The end of Ramadan is celebrated with prayers, charity and then the consumption

This month long fast during the month of Ramadan will conclude with the end of this week. Eid-al-Fitr meaning the ‘festival of breaking the fast’ was speculated to either be this Friday or Saturday. By the time you read this, celebrations might be in full swing for Muslims all over Sri Lanka and the world.

The celebration of Eid bacons a holiday in itself, no wonder it’s a public one around here. To each person, Eid has certain significance. To the person who has managed to fast all 30 days of Ramadan, there’s a sense of fulfillment, a renewed sense of connection with Allah Almighty; most of all, a reason to celebrate.

While on the other hand if you ask a 10-year-old he will certainly tell you it’s that day of the year he or she gets to eat all those things that are too rich, too creamy and too sweet for an ordinary day. It’s also a day, his or her grandparent and relatives will give them money, buy them clothes or gifts. Consider it our kind of Christmas, minus the tree.
In certain parts of the Middle East, Eid is often welcomed with stuffed pastries and sweet delicacies; in South Asia, its rich meat dishes and super sweet desserts like the Wattalapam.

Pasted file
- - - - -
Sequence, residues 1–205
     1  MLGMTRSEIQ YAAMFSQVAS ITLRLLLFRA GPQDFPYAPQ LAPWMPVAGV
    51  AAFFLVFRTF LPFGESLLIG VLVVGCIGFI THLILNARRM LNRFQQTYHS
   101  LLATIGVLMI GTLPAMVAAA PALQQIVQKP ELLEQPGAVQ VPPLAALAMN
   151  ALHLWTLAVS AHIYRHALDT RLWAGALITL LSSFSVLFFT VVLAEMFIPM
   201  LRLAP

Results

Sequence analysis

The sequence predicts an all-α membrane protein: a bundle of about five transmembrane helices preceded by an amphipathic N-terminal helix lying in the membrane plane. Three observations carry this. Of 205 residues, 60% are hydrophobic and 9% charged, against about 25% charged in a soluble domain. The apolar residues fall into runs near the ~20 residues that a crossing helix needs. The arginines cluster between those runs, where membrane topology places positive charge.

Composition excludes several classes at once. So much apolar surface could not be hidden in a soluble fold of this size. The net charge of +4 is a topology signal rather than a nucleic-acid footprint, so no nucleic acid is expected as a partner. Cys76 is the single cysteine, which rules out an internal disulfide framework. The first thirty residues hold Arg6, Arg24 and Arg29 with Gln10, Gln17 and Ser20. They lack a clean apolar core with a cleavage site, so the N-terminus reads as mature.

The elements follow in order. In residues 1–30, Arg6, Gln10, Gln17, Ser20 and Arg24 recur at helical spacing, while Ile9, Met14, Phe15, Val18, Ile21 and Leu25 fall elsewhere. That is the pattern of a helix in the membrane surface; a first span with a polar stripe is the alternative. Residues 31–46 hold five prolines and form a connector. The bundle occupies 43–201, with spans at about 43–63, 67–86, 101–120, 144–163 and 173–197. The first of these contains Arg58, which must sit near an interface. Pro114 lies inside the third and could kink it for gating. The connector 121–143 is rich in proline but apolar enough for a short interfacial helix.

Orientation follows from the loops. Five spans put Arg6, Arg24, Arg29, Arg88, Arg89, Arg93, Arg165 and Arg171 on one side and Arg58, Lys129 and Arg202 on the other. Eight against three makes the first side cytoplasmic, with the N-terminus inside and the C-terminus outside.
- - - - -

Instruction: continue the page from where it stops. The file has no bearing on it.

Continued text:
It is a common sight to see Muslims, men and women, young and old, make their way to their closets mosque for morning prayers. The prayer is compulsory and it marks the advent of the celebrations.

The Eid prayer is performed in congregation in open areas and not necessarily at mosques, for instance you might have seen your Muslim peers praying at an open field, community center. Typically a call of prayer is not given for Eid and it consists of only two units of prayer with additional six incantations.

The Eid prayer is followed by the sermon and then a supplication asking for God’s forgiveness, mercy, peace and blessings. We are often reminded during this sermon of the many Muslims around the world, who will not and simply cannot celebrate Eid-for instance the Muslims in Gaza Strip, the Syrian refugees or Muslims in the Xinjiang province in China.  The sermon also instructs Muslims as to the performance of rituals of Eid, such as the zakat (Charity).

It is after these prayers that Muslims would often return to their homes, visit and wish relatives. Muslims also take this opportunity to invite their non-Muslims neighbors and friends to feast, in an effort to introduce them to Islam and the culture we call our own.
The traditional Eid greeting is Eid Mubarak, and it is frequently followed by a formal embrace.

Charity or Zakat as it is called in Arabia is central to fasting culture and Islam.  The Prophet of Allah said the Sadaqatul fitr is compulsory charity which becomes payable on the occasion of Eid-ul-Fitr.

The Messenger of Allah said: “The fast remains suspended between Heaven and Earth until the fitrah is paid.” Sadaqatul Fitr (or fitrah) is obligatory upon all and it is not permissible to delay the payment of fitrah later than the Day of Eid. The Nation wishes its Muslim readers a blessed and prosperous Eid-ul Fitr. Eid Mubarak!

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